A peaceful religious community, Yazidis believe in one God who has entrusted the world to seven angels—the leader of which is the Peacock Angel, called Melek Taus. For centuries, some adherents to other religions have wrongly claimed that the Yazidis’ Peacock Angel is actually the Devil and, therefore, that Yazidism is a Devil-worshiping cult. Because of this, generation after generation of Yazidi has suffered ongoing persecution in their ancestral home of the Nineveh Plains of Iraq.
Like Muslims, Yazidis pray five times a day, but unlike their fellow Muslims, Yazidis face the Sun when praying, except for a noon prayer when they must face their holy site of Lalish in Northern Iraq. The prayer ritual, which involves wearing a sacred shirt, should never be performed in front of non-Yazidis. Further, spending too much time with non-Yazidis has been generally discouraged in the past, so the community has historically kept to itself.
Originating in the third century, Mandeanism is a secretive and private religion born out of the marshlands of what is now Southern Iraq. Speaking Arabic, Farsi, and their own language, Mandraic, followers revere John the Baptist as well as other well-known biblical figures such as Adam, Abel, and Noah. Facing the North Star during prayer, Mandeans are devout pacifists and hold the belief that only God is allowed to take someone’s life.
Living a nomadic life on small islands or man-made floating platforms in their massive swampland home of the Tigris-Euphrates river system, Mandeans have passed down their religion for generations alongside their master skills in boat-building. But with religious persecution and decades of conflict and strife in the Middle East, Mandeans now number just 60,000 to 70,000 people—with only a few thousand still living in their beautiful, boggy ancestral homeland.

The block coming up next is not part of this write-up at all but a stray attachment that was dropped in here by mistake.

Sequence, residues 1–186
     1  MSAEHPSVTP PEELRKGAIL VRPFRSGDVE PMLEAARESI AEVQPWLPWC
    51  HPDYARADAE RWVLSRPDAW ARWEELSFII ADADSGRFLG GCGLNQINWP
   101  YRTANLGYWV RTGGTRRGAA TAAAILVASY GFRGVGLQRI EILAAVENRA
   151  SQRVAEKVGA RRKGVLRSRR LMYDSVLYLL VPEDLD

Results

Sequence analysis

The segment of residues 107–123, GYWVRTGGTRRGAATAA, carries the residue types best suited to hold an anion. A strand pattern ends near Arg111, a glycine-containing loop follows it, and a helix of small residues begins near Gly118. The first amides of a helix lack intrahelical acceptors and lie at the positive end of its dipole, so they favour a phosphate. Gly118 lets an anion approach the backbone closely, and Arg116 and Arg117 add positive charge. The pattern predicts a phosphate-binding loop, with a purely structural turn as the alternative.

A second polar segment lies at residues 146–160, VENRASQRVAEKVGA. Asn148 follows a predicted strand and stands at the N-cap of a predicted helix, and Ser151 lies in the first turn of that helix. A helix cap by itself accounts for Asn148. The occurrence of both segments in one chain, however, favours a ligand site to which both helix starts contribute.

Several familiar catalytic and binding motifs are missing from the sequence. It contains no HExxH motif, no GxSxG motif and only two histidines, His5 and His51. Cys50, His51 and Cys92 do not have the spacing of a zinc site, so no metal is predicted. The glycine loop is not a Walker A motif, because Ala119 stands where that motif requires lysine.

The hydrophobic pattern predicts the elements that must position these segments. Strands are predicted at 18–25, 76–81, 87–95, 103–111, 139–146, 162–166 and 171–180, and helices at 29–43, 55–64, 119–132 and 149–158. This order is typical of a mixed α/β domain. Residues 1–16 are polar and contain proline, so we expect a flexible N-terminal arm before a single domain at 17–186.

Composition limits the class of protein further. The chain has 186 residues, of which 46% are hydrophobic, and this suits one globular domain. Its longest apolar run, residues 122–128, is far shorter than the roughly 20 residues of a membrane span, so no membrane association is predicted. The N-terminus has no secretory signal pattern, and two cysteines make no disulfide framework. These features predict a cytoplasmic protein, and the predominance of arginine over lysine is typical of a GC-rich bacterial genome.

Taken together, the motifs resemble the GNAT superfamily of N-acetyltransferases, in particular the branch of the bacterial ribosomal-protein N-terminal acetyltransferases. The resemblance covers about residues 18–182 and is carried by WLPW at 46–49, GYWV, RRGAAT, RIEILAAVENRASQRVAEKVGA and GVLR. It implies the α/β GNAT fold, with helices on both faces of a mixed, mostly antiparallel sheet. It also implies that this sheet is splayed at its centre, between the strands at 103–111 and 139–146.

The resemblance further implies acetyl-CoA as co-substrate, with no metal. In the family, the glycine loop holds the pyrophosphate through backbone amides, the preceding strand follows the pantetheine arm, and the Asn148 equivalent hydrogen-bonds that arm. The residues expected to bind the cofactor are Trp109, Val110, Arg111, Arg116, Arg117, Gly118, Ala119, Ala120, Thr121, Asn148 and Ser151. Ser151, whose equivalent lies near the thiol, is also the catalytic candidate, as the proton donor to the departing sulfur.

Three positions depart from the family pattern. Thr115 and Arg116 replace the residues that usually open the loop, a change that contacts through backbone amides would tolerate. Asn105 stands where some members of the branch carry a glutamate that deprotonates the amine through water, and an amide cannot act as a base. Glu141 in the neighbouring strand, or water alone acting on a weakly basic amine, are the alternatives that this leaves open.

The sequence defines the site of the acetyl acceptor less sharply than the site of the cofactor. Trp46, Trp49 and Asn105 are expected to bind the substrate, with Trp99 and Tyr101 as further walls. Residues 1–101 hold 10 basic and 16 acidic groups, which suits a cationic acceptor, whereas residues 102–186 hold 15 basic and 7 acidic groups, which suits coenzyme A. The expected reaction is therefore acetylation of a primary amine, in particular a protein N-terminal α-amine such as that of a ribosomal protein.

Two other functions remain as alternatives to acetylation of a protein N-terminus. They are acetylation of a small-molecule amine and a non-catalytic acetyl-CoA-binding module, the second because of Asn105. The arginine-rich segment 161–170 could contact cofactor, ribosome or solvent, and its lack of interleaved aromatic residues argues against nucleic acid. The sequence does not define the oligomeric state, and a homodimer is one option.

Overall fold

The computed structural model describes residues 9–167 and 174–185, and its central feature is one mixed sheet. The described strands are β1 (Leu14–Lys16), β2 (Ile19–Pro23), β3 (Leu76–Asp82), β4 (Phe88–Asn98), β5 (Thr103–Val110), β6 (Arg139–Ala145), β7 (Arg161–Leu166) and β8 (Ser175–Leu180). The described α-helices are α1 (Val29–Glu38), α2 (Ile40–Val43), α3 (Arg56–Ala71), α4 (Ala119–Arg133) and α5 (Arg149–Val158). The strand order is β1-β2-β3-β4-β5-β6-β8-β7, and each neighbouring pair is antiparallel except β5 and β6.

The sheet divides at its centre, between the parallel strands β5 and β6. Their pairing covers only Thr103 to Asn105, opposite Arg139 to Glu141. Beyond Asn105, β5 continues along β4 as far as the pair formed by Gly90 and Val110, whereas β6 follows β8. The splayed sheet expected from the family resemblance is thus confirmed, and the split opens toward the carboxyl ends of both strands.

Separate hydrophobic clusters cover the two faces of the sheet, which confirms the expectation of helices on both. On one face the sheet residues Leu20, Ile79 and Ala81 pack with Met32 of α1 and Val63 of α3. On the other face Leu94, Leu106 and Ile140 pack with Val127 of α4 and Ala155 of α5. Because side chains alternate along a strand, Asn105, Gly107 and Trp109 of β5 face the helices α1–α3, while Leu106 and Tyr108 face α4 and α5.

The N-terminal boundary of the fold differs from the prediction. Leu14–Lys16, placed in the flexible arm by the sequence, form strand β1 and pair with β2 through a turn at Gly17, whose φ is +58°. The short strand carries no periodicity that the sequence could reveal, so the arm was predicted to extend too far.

The origins of this covert faith are still disputed, but it is thought by some to have originated in Alexandria, Egypt, and may have preceded Christianity. Early Christians often referred to themselves as Gnostics, with Christianity possibly evolving out of Gnosticism. However, Gnostics don’t define themselves as Christians. Indeed, there are very fundamental differences—for one, many Gnostics believed the world was created not by God but by an evil entity called Demiurge.
Today, Gnosticism is a loosely defined faith that has historically been made up of a diverse array of groups (Mandeanism is one), many of which differed from each other in their customs, traditions, and structure. In Gnosticism, God is known as the Monad, or “The One,” and the belief exists that the material world is evil and that the only way to salvation is through discovering the “secrets” of the universe.
Interestingly, many Gnostic writings were, unlike many other religions, written and influenced by women. Mary Magdalene is thought to have been one of them.
A real mixing pot of a religion, the Shabak are a people who live in Northern Iraq and whose beliefs and society have been inspired by the faiths and cultures that surround them. Their holy book is written in Turkomen, they drink wine and practice confession like Christians, and they make pilgrimages to Yazidi holy sites as well as Muslim ones.
The Shabak are a spiritual lot, believing God’s wisdom can be obtained through ritual meditation led by a mystical leader or spiritual guide called a pir. And their origins are just as mysterious. Some suggest that the Shabak are descendants of the Qizilbash Army, a fierce 13th-century Shia force. Others believe they were refugees from Anatolia.
But like many other minority religions in the Middle East, life for the Shabak has not been easy. Often persecuted, forced to assimilate, and treated as second-class citizens, they now number just 250,000.